In terms of my book reading, I observed last year that I bounced back, reading more than in 2010. This year I read about the same number of books as last year, but I made a concerted effort to check books out of the library instead of buying. Most weren’t released this year, so I have less to choose from.
I also noted last year that I continued to be on the fence as far as reading paper books versus digital. The latter is the future, no doubt, but I decided this year that there’s nothing like holding a book, smelling it, letting it fall on my chest at night, turning the pages, right finger on the index, looking at my book mark to see how much to go, putting it on my shelve after reading it, and looking at all the ones I have read through the years. When the writer comes out of the wilderness and holds up his or her baby, I just don’t want to reduce all the hard work to bites and bits.
Anyway, forgive this old romantic for the sideshow. Here are my favorite books for this year and my Book of the Year selection.
Stephen Sears has company for the best book written on this key battle. Slotkin sports a great vocabulary in this page-turner. I learned just how much McClellan and Lincoln were at odds.
The Man Who Saved the Union: Ulysses Grant in War and Peace by H.W. Brands
Brands’s challenge was that Jean Edward Smith wrote an excellent bio on Grant. Some critics say he did not add much new insight, but I rather enjoyed this book anyway. Let’s see if Grant can get a bump up in the Presidential rankings. He deserves it.
Shiloh 1862, by Winston Groom
My readings of the Civil War have been very heavy on the Eastern Theatre. I was worried about this until along came this book. Shiloh took almost 24,000 casualties, with face-to-face fighting. Groom writes, It was as if at Shiloh they had unleashed some giant, murderous thing that was going to drench the country with blood…"
Dickson knows baseball, and it shows in this book, the definitive history on Veeck. He covers all the bases of a life that included service in WWII with the Marines. It’s an enjoyable read and fully researched effort. Bonuses are glossy photos.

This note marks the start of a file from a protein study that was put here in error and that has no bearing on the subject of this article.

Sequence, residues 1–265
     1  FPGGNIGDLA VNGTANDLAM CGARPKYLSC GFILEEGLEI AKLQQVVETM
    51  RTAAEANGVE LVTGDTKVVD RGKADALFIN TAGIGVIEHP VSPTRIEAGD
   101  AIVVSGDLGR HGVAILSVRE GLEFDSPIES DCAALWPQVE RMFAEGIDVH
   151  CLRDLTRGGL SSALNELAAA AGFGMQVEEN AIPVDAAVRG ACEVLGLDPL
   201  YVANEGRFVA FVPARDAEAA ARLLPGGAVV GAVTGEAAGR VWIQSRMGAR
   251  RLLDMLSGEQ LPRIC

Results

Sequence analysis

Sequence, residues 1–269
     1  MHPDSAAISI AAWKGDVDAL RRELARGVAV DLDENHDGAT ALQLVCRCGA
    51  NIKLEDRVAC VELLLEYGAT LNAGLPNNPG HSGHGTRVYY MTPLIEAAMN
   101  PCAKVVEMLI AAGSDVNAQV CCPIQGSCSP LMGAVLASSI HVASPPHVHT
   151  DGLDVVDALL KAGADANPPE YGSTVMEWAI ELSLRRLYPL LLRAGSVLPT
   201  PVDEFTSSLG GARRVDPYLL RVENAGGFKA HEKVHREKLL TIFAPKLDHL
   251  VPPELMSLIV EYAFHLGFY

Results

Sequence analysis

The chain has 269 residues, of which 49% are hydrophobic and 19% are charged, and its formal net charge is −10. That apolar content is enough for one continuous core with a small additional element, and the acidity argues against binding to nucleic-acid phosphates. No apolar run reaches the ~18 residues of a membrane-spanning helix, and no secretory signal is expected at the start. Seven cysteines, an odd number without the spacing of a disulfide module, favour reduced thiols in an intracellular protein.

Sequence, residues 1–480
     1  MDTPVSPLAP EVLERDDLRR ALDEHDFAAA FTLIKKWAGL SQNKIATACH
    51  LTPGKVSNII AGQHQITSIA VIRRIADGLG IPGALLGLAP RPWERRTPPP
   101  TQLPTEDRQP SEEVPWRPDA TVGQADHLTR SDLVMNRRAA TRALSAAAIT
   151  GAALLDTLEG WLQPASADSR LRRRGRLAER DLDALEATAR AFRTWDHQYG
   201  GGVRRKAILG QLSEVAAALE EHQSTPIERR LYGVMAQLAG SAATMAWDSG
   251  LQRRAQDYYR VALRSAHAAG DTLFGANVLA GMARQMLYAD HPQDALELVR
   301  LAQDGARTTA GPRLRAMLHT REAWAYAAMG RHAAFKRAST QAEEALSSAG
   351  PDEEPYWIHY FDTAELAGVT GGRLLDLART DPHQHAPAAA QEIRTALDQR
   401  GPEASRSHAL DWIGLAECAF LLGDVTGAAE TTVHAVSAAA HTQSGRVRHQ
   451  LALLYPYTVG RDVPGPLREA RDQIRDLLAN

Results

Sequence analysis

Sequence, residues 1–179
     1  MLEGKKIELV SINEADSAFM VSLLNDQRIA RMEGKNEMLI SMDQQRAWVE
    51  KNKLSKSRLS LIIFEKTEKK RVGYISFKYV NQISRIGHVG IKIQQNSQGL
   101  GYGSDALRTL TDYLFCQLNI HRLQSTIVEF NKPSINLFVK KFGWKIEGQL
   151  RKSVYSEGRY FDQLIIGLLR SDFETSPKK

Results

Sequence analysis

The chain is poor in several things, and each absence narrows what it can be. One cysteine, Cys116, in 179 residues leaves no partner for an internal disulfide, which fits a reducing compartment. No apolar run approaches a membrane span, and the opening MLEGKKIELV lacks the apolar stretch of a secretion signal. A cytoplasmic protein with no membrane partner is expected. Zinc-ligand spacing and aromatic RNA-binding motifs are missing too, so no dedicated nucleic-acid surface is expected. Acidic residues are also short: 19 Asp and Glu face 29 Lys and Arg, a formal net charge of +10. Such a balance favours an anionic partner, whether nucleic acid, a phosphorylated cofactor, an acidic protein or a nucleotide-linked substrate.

Rather Outspoken: Rather Outspoken, My Life in the News, By Dan Rather with Digby Diehl
Hell hath no fury like a veteran evening news broadcaster scorned.
But beyond the "Killiangate" chapter, there is a lot to like about this book. Rather paid his dues early on. Too small for football, he tackled (groan) journalism. He has seen a lot in his life, and the book is a page turner.
Before this book, Key had been given mostly a pass in terms of criticism. Morley, a Washington-based writer for Salon, pulls no punches. Along the way we learn about the nation's capital in the 1830s, and the fear and apprehension among slave-holding whites in the city. This would make a great movie with Bowen, an 18-year old slave who entered the room of wealthy socialite Anna Thornton with an axe in his hand. Then came the mobs that turned their anger towards Snow.
The trial would teach us a lot about the plight of enslaved people and success stories such as Snow, who owned a popular restaurant at the northwest corner of 6th and Pennsylvania NW.
I was hoping for more than one bookstore in the DC region to be in this book, but I guess that’s a testament to Politics and Prose. This is a fun read, I chose the big names like John Grisham first, but enjoyed all the different ones. These small bookstores helped a lot of writers, and provide great places for readers to gather.
Alexandria (Images of America), by George Combs Leslie Anderson, and Julia M. Downie
Combs was the perfect choice for this book. He's the Director of Alexandria's Special Collection section.
Michael Douglas by Marc Eliot
Breezy read, learned about Douglas the producer, his affairs, his lack of self-confidence and the movie industry.
Book of the Year
"Snow Storm in August" gets my nod. Morley illuminates a forgotten story, one that is important to know, and the story keeps its pace throughout.